Politicians, especially incumbents, buy votes. Laws are in effect to forbid outright quid pro quo — ""free beer"" is a thing of the distant past — but officeholders and the electorate have found a more subtle way to make the same old trades.
Suppose that you, like most people, have no strong opinion about nearly all policy questions considered by the city council. And, like most people, you have a few favorite causes, such as youth sports, promotion of fine arts or a charitable organization or two. Or perhaps you merely seek success in business. Either way, you are a ""special interest."" Special interests are condemned every few years, when doing so is fashionable, but we are all the ""special interests.""
We hate special interests because they inherently don't play fair. The payoff for a bit of lobbying is high for the special interest, whether convincing the city to subsidize sprawl to stimulate the housing business, or arguing that a youth bobsled program keeps the kids from doing crack and mugging old ladies and should receive a municipal grant — but defensive lobbying by everyone else is usually a losing proposition. Even if the subsidy for ""Bobsleds not Crack"" is defeated, the time and money spent by its defenders probably exceed the savings. The payoff to incumbent officeholders is also high; a subsidy without a tax rate increase can buy a vote or a hundred.
By now this story is old news; search the Web for ""Public Choice"" to see the case made with much more intellectual rigor. Self-interested calculus doesn't describe 100 percent of what's going on; people, perhaps instinctively, expect those in power to show off generosity like they are kings or Bronze Age strongmen spending their own wealth, and politicians, provided that they also have a contemptuous disregard for other people's money, may be motivated to appear benevolent. Either way, the natural tendency for representative government is to grow in scope.
During economic boom times, the growth is mostly benign. City councilors can buy more and more votes without raising tax rates. It's during economic contractions that problems arise. Rather than cutting entire low-priority spending programs to balance the budget, everything is starved just a little to motivate support for tax hikes. The tax hikes that come are often targeted at groups unlikely to vote or made so diffuse as to make defeating them prohibitively expensive.
Earlier this year, the Tucson City Council proposed double taxation of renters; renters would pay property taxes through their landlords, and also pay a direct surtax. Public backlash against this regressive scheme meant that the tax hike was instead spread out as numerous small rate and fee increases. Meaningfully reducing the scope of city government spending was never seriously considered.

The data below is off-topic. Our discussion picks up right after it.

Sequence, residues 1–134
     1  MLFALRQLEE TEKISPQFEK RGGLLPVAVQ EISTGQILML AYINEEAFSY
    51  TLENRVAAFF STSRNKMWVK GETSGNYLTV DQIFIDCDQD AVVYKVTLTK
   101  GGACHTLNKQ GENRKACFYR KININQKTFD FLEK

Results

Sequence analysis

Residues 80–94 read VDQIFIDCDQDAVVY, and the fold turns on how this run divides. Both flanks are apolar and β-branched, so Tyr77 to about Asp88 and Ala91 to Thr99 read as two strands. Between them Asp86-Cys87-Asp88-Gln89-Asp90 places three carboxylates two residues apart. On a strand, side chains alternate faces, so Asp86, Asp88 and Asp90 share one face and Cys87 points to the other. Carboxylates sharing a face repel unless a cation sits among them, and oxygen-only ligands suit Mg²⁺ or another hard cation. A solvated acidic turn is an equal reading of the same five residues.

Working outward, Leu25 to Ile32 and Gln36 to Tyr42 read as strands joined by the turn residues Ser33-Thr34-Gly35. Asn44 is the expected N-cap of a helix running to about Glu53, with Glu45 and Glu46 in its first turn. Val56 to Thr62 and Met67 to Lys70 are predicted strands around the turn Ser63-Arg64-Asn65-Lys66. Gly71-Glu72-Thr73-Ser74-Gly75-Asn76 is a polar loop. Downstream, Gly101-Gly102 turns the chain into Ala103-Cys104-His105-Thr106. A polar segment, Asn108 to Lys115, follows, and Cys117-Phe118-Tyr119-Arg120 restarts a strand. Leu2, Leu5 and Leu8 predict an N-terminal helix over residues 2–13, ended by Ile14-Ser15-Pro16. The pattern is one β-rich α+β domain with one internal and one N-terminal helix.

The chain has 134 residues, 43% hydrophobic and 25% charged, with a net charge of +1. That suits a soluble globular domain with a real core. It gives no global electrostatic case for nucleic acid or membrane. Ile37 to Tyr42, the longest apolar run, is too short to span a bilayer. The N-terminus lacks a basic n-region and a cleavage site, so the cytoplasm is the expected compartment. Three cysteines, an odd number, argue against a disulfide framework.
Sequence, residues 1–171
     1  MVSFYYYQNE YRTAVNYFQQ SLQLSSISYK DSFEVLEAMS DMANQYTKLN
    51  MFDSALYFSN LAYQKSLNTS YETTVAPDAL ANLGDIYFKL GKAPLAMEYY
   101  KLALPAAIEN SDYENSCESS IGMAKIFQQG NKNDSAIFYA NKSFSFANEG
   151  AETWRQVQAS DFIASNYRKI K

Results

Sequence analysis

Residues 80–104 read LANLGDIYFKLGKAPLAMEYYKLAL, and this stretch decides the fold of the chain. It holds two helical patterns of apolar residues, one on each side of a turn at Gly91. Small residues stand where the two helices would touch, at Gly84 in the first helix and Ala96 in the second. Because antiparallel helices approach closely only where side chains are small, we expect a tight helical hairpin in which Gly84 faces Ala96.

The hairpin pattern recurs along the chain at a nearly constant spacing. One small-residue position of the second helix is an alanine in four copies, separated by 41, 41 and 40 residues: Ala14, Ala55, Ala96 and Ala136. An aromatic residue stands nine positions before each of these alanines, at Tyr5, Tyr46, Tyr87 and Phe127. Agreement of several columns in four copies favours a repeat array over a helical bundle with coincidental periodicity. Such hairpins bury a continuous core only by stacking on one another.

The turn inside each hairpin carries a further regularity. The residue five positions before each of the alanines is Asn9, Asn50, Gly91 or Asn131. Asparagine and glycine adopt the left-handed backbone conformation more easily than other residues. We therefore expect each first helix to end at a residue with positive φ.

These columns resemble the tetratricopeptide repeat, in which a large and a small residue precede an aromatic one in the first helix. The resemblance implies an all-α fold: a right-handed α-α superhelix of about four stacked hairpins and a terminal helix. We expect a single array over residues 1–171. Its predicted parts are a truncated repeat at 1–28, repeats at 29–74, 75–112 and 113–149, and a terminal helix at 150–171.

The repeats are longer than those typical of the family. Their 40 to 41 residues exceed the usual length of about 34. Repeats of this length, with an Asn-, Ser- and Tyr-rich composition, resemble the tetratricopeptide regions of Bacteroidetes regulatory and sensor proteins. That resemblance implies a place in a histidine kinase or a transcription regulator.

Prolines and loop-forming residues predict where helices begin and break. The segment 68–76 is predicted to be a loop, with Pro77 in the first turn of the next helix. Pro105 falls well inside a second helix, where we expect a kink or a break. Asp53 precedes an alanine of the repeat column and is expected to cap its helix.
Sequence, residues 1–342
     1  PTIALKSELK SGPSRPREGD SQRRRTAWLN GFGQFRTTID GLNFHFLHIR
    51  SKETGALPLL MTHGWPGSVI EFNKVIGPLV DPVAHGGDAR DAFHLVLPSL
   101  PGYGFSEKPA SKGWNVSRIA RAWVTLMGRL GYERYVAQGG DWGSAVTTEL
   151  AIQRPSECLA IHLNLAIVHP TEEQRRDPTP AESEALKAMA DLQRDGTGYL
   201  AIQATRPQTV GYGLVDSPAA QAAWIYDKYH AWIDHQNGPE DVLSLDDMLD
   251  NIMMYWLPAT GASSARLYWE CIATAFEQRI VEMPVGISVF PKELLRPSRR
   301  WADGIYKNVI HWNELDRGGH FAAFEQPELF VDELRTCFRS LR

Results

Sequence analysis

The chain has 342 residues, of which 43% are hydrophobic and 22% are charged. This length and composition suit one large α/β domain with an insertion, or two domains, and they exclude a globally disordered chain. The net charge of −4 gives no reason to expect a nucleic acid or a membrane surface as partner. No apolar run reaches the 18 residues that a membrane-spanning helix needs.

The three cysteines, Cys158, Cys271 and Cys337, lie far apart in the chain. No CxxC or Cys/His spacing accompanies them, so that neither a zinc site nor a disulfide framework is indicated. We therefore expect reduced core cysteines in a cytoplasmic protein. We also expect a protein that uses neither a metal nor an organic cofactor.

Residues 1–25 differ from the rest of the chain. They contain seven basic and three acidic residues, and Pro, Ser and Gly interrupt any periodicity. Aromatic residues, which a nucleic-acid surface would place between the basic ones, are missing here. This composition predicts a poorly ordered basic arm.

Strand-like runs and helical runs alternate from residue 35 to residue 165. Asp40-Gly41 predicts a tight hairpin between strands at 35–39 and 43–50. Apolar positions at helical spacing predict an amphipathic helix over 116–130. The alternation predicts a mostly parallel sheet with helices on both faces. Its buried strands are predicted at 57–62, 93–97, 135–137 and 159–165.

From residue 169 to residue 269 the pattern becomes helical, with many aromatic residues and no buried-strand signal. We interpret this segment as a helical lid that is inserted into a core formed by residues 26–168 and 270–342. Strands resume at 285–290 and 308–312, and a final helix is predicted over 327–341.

On Tuesday, Tucson voters will vote on Proposition 400, commonly referred to as the renewal of the ""Home Rule"".
Recognizing the perverse incentives in politics, Arizonans voted years ago to amend the state constitution to end the growth of municipal budgets in economic good times. Article 9 section 20 of the Arizona Constitution restricts cities to 1979-1980 levels of spending, increasing only due to inflation and population growth. Any excess taxes collected would have to be banked or refunded to the taxpayer. In effect, this restricts growth of the scope of spending.
Article 9 also provides an ""out"" for cities: ""home rule"" ballot questions like Proposition 400. Tucson has, by this method, avoided the constitutional spending restriction for years. Supporters of Proposition 400 cite absolute numbers — millions of dollars — in order to imply that returning Tucson to an Article 9-restricted budget would impose drastic and socially harmful cuts on the city. The recession and the end of the real estate boom have made the relative difference between the restricted budget and projected revenues less than 1 percent in each of the next four years. If there ever was a good time to rein in city spending, it's now.
Opposition to Proposition 400 is unorganized, and with newspapers and commentators all missing the broader implications, it will probably pass. A ""no"" vote on Proposition 400 is quixotic, but college is a time for political idealism. Most radical stands are more emotive than effective; this is your chance to move beyond hopey-changey stuff and be radical and practical at the same time. A ""no"" vote is a great way to signal disapproval that a rent tax was even proposed. Better still, if you happen to succeed, you will take Tucson off of the boom-bust cycle that has city councilors buying your vote with petty niceties and then trying to double-tax you when the money runs out.
— Bennett Kalafut is a graduate student in physics. He can be reached at email@example.com.